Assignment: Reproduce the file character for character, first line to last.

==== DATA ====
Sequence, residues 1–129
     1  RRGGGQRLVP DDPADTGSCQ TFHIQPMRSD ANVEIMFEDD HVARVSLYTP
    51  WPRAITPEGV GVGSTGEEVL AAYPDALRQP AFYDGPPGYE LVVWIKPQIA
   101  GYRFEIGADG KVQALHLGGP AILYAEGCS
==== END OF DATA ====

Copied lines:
Sequence, residues 1–129
     1  RRGGGQRLVP DDPADTGSCQ TFHIQPMRSD ANVEIMFEDD HVARVSLYTP
    51  WPRAITPEGV GVGSTGEEVL AAYPDALRQP AFYDGPPGYE LVVWIKPQIA
   101  GYRFEIGADG KVQALHLGGP AILYAEGCS